Allows you to mix between colors set in Radial Color and colors set in Circular Color. Setting the spinner at 0 will only use values set in Radial Color while setting the spinner at 100 will only use values set in Circular Color. Any value between 0 and 100 will mix between the two values.

Falloff Curve

Displays the Circular Falloff dialog in which you can set weights for the colors used in Circular Color. By manipulating the Falloff Curve you can make the effect use more of one color or map than another. You can also use a map to determine the falloff when a light is used as a Lens Effects source.

Radial Size group

Determines the radial size around the particular Lens Effect. Clicking the Size Curve button displays the Radial Size dialog. Using the Radial Size dialog you can create points on a line and move those points along a graph to determine where the effect should be placed around the light or object. You can also use a map to determine where the effect should be placed. A check box is used to activate the map.

Ray Element rollout, Options panel

Apply Element To group

Lights

Applies the effect to lights picked in Lens Effects Globals under the Parameters tab in the Lights group box.

Image

Applies the effect to the rendered image using parameters set in Image Sources.

Image Centers

Applies to the center of an object or to portions of an object as determined by the Image Filters.

Image Sources group

Object ID

Applies the Lens Effect to particular objects in your scene that have a corresponding G-Buffer (or Object) ID. The G-Buffer is a geometry buffer and can be defined when you right-click any object and select Properties from the menu. Then, set the Object Channel ID under the G-Buffer ID controls.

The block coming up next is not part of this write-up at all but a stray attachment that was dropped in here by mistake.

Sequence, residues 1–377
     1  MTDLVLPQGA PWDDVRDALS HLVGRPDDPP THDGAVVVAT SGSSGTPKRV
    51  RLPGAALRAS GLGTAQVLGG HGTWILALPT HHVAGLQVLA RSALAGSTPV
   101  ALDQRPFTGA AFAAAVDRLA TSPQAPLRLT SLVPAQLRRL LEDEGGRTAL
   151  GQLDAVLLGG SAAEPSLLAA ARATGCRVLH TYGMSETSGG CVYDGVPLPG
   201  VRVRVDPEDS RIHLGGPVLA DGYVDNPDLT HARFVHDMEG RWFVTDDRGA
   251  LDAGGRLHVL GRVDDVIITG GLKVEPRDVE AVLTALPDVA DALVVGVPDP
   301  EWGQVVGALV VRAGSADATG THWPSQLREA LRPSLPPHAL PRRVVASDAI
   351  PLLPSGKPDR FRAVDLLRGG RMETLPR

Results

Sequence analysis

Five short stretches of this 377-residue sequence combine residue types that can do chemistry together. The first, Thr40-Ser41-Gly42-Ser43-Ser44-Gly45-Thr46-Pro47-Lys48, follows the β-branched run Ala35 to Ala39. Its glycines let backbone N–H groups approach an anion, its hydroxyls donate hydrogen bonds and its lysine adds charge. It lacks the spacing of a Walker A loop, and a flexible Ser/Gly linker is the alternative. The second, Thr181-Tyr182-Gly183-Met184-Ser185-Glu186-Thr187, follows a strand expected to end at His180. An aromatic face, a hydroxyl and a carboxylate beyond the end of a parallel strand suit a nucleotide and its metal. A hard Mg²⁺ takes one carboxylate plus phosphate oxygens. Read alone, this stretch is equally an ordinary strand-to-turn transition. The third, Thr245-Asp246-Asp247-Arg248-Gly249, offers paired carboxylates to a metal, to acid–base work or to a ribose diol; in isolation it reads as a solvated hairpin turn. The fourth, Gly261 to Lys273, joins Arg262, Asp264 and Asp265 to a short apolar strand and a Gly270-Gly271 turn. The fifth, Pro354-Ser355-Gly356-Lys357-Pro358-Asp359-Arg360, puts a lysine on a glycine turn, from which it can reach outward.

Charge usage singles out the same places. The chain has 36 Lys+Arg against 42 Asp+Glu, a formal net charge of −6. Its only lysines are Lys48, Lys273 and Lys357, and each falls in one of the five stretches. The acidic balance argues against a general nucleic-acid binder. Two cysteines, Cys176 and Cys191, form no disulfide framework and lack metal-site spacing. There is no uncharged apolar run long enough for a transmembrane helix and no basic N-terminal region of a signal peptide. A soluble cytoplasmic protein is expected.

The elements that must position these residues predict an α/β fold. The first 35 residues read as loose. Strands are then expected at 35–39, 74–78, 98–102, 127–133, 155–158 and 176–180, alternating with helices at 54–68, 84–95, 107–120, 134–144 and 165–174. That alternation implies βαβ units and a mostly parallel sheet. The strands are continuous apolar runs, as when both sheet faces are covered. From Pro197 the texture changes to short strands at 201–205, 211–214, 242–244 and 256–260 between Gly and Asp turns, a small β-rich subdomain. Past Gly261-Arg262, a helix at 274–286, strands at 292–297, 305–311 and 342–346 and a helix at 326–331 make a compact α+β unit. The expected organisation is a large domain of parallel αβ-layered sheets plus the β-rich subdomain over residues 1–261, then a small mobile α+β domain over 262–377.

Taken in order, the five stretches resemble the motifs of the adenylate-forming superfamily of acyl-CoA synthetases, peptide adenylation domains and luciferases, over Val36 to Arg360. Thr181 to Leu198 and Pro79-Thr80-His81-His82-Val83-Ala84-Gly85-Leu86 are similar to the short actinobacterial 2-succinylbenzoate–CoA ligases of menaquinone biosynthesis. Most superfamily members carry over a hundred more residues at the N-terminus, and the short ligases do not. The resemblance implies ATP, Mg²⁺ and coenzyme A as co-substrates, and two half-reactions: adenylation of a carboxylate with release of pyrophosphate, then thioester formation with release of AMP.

Material ID

Applies the Lens Effect to an object or part of an object with a specific Material ID channel assigned to it. Assign the channel with the Material Editor Material ID channel flyout. The effect is applied only to areas of the geometry where that ID channel is present.

TipIn some cases you might want to apply different Lens Effects settings to different pieces of geometry or IDs. To accomplish this, add additional Lens Effects entries to the Lens Effects Parameters list. Then set each different Lens Effect entry to affect a different Material ID or Object ID and proceed.
Unclamp

An unclamped color is brighter than pure white (255,255,255). 3ds Max keeps track of these "hot" areas which tend to show up when your scene contains bright metallic highlights or explosions. This spinner lets you determine the lowest pixel value that the Lens Effect is applied to. Pure white has a pixel value of 1. When this spinner is set to 1, any pixels with a value above 255 will be glowed. You can invert this value by clicking the I button to the right of the spinner.

Surf Norm

Applies the Lens Effect to part of an object, based on the angle of the surface normal to the camera. A value of 0 is coplanar, or parallel to the screen. A value of 90 is normal, or perpendicular to the screen. If you set Surf Norm to 45, only surfaces with normal angles greater than 45 degrees will be glowed. You can invert this value by clicking the I button to the right of the spinner.

Whole